Read about Centtrip prepaid currency card and its great exchange rates in The Sunday Times.
Sunseekers, don’t get burnt on your currency
Foreign exchange is plagued by low rates and high fees. We reveal the best ways to convert cash
A pre-paid currency card gives families cheaper access to their holiday funds (Yuri Arcus/Getty)
BRITONS exchanging money abroad risk wiping out any gains from the strong pound if they fail to check the true cost of their overseas transactions.
Sterling continued its rally last week, although it fell back from its peak after lower-than-expected inflation figures for May were announced on Tuesday. At the end of the week, the pound was trading at $1.70 against the dollar and €1.25 against the euro.
Holidaymakers heading to America and changing £500 into dollars could pocket an extra $103 (£62) compared with 11 months ago, according to the currency exchange firm Travelex. Those visiting Europe will gain an extra £36 (€45) on every £500 exchanged.
Pay the wrong way while abroad, though, and you could end up hundreds of pounds out of pocket. Here we look at some of the cheapest ways to spend and move money overseas.
Credit and debit cards
Credit cards that are specifically designed for overseas use are by far the cheapest option.
For example, last week £2,000 would have bought €2,502 with the Halifax Clarity credit card, which has no fees worldwide, at an exchange rate of €1.251. In comparison, £2,000 would have bought just €2,243 — €138 less — at the rate of €1.182 on the Thomson site money4travel.com.
Spending the same amount on dollars would have got $3,398 at an exchange rate of $1.699 with the Halifax card, against $3,244 at $1.622 with Thomson, a difference of $154.
Good alternative cards to the Halifax Clarity include the Post Office Platinum and the Capital One Classic Extra.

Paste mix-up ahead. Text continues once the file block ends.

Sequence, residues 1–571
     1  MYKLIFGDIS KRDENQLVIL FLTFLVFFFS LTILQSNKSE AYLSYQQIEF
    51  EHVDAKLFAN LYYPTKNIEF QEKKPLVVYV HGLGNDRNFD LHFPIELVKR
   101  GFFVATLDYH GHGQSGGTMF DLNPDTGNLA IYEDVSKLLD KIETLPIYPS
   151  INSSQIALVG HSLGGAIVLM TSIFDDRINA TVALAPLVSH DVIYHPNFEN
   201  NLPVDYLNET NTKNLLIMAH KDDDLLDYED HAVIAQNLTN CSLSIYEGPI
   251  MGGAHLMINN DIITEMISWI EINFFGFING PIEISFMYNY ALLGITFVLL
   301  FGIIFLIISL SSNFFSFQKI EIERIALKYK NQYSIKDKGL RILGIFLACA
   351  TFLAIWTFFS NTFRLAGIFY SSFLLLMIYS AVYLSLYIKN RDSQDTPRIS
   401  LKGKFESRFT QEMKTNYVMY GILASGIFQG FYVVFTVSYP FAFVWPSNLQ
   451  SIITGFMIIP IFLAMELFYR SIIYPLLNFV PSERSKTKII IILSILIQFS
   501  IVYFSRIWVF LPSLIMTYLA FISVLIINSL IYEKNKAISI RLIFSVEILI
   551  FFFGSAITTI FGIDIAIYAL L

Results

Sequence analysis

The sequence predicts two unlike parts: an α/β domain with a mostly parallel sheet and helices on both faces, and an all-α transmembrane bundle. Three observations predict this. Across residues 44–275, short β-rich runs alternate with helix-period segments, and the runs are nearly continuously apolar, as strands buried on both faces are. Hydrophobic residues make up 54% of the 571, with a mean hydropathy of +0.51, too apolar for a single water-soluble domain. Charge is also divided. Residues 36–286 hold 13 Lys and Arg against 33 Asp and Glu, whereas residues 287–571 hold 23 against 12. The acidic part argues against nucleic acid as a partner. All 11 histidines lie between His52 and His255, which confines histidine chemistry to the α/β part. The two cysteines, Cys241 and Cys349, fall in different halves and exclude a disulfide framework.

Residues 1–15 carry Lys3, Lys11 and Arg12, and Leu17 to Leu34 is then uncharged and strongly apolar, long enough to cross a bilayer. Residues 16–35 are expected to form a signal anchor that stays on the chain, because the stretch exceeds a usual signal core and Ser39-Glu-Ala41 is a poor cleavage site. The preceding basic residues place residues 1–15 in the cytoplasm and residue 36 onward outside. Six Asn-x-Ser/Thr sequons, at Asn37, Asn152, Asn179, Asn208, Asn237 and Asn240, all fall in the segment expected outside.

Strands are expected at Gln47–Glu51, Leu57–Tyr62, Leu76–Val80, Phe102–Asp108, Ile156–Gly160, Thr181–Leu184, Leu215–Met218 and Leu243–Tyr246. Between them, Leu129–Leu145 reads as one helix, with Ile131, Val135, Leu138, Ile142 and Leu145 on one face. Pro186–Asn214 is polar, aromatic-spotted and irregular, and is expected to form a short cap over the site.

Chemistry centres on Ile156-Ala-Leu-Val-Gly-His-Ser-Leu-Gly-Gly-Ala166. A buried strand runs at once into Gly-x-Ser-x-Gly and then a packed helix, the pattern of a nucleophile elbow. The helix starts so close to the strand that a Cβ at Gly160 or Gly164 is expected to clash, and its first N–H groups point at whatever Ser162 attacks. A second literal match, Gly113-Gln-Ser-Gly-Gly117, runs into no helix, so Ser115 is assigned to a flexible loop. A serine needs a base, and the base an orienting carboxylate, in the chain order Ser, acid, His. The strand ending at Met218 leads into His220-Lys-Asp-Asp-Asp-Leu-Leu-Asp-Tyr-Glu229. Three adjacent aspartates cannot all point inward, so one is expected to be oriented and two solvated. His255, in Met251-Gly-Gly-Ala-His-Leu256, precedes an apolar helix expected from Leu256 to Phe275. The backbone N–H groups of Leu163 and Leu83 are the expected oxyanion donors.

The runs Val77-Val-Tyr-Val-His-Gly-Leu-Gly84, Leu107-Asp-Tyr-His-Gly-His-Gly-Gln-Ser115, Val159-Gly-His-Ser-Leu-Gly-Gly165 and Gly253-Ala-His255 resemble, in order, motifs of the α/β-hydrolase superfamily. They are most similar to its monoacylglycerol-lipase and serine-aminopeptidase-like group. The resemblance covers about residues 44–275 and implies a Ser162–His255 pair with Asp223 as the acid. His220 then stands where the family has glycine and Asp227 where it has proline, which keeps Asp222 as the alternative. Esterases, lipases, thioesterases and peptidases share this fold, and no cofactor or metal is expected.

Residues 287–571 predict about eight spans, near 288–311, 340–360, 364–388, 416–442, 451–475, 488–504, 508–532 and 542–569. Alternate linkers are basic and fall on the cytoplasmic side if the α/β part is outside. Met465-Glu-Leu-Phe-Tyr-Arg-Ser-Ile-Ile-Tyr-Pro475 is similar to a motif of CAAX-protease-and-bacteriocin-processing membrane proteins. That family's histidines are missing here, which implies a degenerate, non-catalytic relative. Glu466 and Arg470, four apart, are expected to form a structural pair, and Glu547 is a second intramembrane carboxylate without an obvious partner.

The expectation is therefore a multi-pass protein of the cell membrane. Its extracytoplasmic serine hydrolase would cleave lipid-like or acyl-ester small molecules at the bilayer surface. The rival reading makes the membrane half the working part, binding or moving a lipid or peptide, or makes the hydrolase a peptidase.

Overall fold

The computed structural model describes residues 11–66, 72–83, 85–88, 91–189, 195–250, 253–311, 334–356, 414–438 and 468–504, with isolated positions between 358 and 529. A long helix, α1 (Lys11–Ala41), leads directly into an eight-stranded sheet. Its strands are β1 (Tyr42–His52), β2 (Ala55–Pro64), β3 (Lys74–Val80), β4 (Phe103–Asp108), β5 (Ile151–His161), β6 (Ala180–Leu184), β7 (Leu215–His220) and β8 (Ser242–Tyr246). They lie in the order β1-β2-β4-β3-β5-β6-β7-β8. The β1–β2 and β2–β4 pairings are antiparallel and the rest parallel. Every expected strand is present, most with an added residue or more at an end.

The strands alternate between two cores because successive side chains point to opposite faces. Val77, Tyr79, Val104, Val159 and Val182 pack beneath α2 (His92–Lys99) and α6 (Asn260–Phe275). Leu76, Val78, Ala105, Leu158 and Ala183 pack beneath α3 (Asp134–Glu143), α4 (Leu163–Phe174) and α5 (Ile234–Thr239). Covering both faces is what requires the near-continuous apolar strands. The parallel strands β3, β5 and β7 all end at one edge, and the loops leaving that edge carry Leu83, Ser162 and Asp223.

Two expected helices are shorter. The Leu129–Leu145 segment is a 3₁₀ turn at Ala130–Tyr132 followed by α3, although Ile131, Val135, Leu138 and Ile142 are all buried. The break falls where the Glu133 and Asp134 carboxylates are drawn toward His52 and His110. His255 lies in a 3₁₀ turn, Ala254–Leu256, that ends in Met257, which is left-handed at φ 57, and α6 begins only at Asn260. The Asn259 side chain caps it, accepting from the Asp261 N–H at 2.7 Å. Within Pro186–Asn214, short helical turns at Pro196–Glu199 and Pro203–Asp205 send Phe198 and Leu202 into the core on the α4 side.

Beware of using other credit and debit cards, because the charges may be extortionate. Most add a “foreign load fee” of up to 2.99% on spending and some add a fixed fee — £1.50 and £1 respectively at Halifax and Lloyds on top of their 2.75% and 2.99% load fees.
There is also a cash machine withdrawal charge — typically 2% or a minimum of £2 for debit cards, and 3% with a £3 minimum for credit cards.
Remember that you will usually be charged interest on the amount you have withdrawn as well as the cash withdrawal charge, even if you clear the balance in full that month.
Andrew Hagger of moneycomms.co.uk, an analyst, said: “Drawing £100 currency equivalent from an overseas ATM costs far more than some people realise — for example, with a Lloyds bank or TSB debit card you’ll pay £4.99 on top in charges and with an Asda credit card it’s £7.99.”
Watch out for “dynamic currency conversion”, where foreign retailers or ATMs offer the option of paying in sterling rather than the local currency.
Hagger said: “This gives the retailer the opportunity to use a poor local bank exchange rate, which could see you paying well over the odds. The golden rule is always to pay in the local currency of the country you’re visiting.”
A pre-paid currency card allows travellers to load money in advance for purchases and cash withdrawals. Although often advertised as fee-free, a margin will be charged on the exchange rate.
Last week Ukash launched what it claims is the best-value pre-paid currency card. It is available in euros and dollars and has no sign-up, transaction or ATM withdrawal fees.